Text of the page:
Both labyrinthine and bold, nuanced and unrelenting, Feel It Like A Scientist once again confirms what an intrepid sound warrior Helios is, helming excursions all over the topographic map of all things Chrome with robust aplomb. Whether you’re attracted to the band because of their avant-rock tendencies, their jagged garage punk leanings, their inadvertent, default place in the post-punk canon, their latent, irrepressible psychedelic swagger, the sci-fi storms that so often brew inside the band’s constructions like JG Ballard novels made audible, or some lab experiment hybrid thereof, it’s all here in shameless, vigorous abundance. That serum’s really working. The man himself may have aged, but the spirit of the music he makes has not.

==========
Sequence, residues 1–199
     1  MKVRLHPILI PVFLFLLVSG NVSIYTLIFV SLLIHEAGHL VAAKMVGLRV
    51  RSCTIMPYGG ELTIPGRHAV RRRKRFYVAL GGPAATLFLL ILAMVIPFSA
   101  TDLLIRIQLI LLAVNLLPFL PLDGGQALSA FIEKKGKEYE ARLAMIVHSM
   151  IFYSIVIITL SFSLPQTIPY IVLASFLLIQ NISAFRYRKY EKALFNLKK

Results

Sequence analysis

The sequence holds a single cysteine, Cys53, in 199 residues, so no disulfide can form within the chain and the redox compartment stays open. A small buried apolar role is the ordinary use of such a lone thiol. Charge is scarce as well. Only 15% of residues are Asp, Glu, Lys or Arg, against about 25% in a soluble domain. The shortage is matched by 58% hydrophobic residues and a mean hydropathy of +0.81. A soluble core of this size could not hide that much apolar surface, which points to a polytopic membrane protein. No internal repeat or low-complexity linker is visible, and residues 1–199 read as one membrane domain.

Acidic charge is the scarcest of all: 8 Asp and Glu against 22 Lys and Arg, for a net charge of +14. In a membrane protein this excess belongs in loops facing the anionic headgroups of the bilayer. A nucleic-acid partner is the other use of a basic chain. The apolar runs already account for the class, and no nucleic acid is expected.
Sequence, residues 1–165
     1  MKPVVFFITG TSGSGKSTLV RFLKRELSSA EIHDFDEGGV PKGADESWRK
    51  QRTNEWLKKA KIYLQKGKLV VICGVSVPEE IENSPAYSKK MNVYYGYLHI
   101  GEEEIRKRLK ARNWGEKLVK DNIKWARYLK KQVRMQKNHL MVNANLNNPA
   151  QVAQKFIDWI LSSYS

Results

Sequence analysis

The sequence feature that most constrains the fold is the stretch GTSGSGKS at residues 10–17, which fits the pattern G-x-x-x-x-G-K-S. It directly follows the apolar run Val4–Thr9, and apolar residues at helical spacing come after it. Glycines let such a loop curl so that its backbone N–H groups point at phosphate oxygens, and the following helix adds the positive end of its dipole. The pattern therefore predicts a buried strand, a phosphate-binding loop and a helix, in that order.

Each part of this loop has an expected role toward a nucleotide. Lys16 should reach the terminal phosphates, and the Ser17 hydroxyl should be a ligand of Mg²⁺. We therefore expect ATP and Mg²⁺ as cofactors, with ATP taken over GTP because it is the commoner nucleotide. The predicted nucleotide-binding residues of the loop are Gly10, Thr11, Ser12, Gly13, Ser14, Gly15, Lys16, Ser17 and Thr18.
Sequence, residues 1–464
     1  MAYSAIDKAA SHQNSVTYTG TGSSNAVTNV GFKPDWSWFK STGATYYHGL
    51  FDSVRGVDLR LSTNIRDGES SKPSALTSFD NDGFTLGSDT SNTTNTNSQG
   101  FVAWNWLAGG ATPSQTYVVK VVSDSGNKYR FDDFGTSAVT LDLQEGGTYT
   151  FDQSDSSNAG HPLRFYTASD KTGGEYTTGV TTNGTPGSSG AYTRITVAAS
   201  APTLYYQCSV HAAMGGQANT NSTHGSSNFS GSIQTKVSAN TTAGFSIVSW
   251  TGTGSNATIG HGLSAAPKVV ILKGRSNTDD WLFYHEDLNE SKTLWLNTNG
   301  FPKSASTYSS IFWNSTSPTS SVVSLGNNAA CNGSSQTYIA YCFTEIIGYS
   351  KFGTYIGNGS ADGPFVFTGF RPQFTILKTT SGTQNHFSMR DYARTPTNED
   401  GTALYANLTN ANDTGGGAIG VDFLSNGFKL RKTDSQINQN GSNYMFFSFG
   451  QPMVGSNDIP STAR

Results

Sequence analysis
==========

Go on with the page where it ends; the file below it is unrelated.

Though the spirit of Damon Edge on any Chrome outing will never be fully absent, and indeed appears here lyrically on “Big Brats, a punk-as-horror-biker-movie scrum with a metal edge (“we’re big brats, coming to your town“), this record belongs to Helios and the legacy he’s built for himself especially since grabbing back the reins after Damon’s passing in 1995. It’s the energy the two conjured in the raw, wild-west mid-70’s that flourishes, their meeting in 1976 the origin spark that’s still igniting near forty years later, making that fateful encounter just about as big a big bang moment as ‘rock’ music has known. Creed, at whatever age he is (57; thanks, Wiki) is fully animated here, much as he’s always been. It’s just that with that Chrome moniker attached, combined with the band as it now stands – keyboard whizbang madman Tommy Grenas, protean drummer Aleph Omega, Lux Vibratus routinely moving mountains on bass, Lou Minatti (nee Keith Thompson) on second guitars and Anne Dromeda (or Monet Clark as her mom calls her) adding vocals – there seems an additional drive, resulting in a careeningness beyond the sum of its parts. Chrome in full flash, and in that sense Damon is as present as ever.